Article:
Overcoming Regrets

Do you ever feel like your regrets are haunting you like ghosts from your past?

I used to allow regrets over things I’ve said or wished I had said and things I’ve done or wish I had done, to steal my joy, peace and hope. I became so aggravated with these condemning “ghosts” of regret that I finally decided to figure out how to defeat them. The following “battle-plan” (for conquering regrets) has helped me and I hope it might help others dealing with this problem too.

Defining this enemy
Even though I knew what the word regret meant, I began by looking up the definition, which, according to Webster’s Dictionary, is: “sorrow aroused by circumstances beyond one’s control or power to repair: an expression of distressing emotion (as sorrow)” 

I also noticed that repent is one of the synonyms for the word regret. I suppose this makes sense in one way; it’s the same thing to feel regretful and repentant (over something we’ve said or done). But, from the Christian point of view, there’s a contradiction between the definition of regret and the synonym of repent. The definition says that regret is “beyond one’s control or power to repair,” but the Bible repeatedly tells us that repentance is the “power to repair” (regrets, guilt and shame). I just had this thought: If regretting and repenting were synonymous, repenting of something we regretted would be redundant. 

The Apostle Paul wrote; “…the sorrow that is according to the will of God produces a repentance without regret, leading to salvation, but the sorrow of the world (by Webster’s definition) produces death.” (spiritual, emotional and even physical death) (2 Corinthians 7:10)

Here’s an example of what Paul meant: Judas regretted betraying Jesus (Matthew 27:3), but he didn’t repent of his betrayal and his failure to repent “produced death.” Whereas Peter regretted denying Jesus (Matthew 26:75), but he repented and moved on.

Defeating the enemy

I know that Peter, Paul and all Christians regret mistakes and past wrongdoing, but if we truly believe that “If we confess our sins, He is faithful and righteous to forgive us our sins and to cleanse us from all unrighteousness” (1 John 1:9), we’ll get to the place where our regrets no longer have the power to control our emotions; we’ll begin to put them into perspective by understanding how God is making good result from our failures.

As I’m sure you’ve figured out by now, I’ve come to the conclusion that these feelings of oppressive regret and condemnation are not from God. I think that many of us won’t release these feelings of regret because we wrongly believe that to feel regret is to be repentant. But the Bible tells us that the Christian life is a spiritually and emotionally “abundant life;” a life of joy, peace and hope. These uplifting things that sustain us through even the most difficult trials cannot possibly coexist with feelings of guilt, regret and despair.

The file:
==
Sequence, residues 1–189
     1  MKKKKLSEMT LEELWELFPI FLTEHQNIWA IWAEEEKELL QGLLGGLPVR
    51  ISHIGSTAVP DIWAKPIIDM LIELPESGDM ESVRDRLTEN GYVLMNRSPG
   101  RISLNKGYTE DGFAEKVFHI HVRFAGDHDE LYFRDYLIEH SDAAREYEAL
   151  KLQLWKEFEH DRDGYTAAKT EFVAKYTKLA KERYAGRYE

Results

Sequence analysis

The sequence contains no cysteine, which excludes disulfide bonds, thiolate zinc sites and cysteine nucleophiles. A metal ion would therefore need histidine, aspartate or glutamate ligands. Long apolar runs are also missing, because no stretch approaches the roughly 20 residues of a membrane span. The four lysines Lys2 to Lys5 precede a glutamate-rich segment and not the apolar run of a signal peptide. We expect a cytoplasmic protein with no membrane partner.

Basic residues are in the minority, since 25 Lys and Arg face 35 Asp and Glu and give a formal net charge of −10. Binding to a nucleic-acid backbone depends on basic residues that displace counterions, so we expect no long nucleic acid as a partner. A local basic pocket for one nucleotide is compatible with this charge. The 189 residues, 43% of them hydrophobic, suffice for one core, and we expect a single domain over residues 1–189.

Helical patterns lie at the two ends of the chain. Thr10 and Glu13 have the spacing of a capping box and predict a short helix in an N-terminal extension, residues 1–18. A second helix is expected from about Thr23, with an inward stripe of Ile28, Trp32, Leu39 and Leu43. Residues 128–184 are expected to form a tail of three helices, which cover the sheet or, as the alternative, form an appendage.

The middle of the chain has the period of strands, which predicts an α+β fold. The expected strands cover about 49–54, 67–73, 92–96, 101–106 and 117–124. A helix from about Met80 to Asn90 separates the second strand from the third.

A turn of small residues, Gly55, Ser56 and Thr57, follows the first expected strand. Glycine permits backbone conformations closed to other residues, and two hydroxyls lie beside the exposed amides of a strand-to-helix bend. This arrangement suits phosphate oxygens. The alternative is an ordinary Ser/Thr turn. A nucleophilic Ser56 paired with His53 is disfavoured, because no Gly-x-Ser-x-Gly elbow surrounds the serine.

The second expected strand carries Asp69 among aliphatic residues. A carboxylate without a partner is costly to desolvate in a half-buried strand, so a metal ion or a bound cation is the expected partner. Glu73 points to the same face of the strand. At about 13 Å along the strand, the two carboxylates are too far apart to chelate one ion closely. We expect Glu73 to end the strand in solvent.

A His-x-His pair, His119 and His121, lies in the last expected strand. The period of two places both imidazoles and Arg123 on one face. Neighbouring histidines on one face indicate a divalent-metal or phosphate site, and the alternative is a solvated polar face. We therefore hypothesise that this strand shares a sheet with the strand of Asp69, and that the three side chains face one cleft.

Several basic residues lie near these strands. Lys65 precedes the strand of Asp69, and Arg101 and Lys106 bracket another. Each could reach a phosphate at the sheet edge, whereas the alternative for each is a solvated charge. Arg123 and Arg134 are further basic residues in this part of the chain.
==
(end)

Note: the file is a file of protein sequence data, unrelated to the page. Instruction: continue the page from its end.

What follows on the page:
I believe the first step to putting your regrets behind you, where they belong, is to quit allowing them to attack your mind as a force – divide and conquer them. When regrets come to your mind, begin to categorize them. For instance, if the regret is over something that’s in your power to resolve; like apologizing to someone or paying back money you’ve borrowed etc, take the actions needed to resolve that regret. This category might be what the Bible calls “the conviction of the Holy Spirit,” which prompts us to act according to God’s will – it works with our conscience. It’s vital to resolve this category in order to have a good (guilt-free) relationship with God – “…if our conscience is clear, we can come to God with bold confidence.” (1 John 3:21 NLT)

Another category, which was a big “ghost” for me, was regrets I harbored regarding things I said or wished I had said to loved-ones that have passed away. I am no longer haunted by this ghost; he faded away when I realized that I don’t want my memory to evoke feelings of guilt and regret (for my family and friends) when I’m gone, and I know those that I’ve lost didn’t want me carrying around that burden either.

There are many other categories of regret;  parenting and relationship mistakes, bad investment mistakes, times we’ve sinned against God and hurt others and so on, but none of these categories controls my emotions any longer, and I believe it’s God’s will for every Christian to overcome oppressive feelings of guilt and regret.

You may wonder, as I did, what the source of these feelings of regret and false-guilt is if it’s not from God, as the Bible says – “…there is now no condemnation for those who are in Christ Jesus.” (Romans 8:1)

That means the source must be our carnal nature (“self-condemnation”) and/or an outside dark spiritual force. I believe it’s probably some of both. The Bible tells believers that our old nature is at war with our new nature: “…the flesh sets its desire against the Spirit, and the Spirit against the flesh…” (Galatians 5:17). The Bible also says that Satan is our “accuser” (Revelation 12:10) and that he attempts to negatively influence our mind, will and emotions through people and in other ways.

But regardless of what the source is, it’s clear that the last thing any negative source wants is for regretful thoughts to provoke thanks-giving to God, so this is the most powerful weapon against these things. Form a habit of thanking God for forgiving you (of the things you regret) every time a regret comes to mind. I promise you that the power these regrets have to cause sadness and feelings of shame and condemnation will begin to diminish and you will start to see your past in its proper context – God’s context.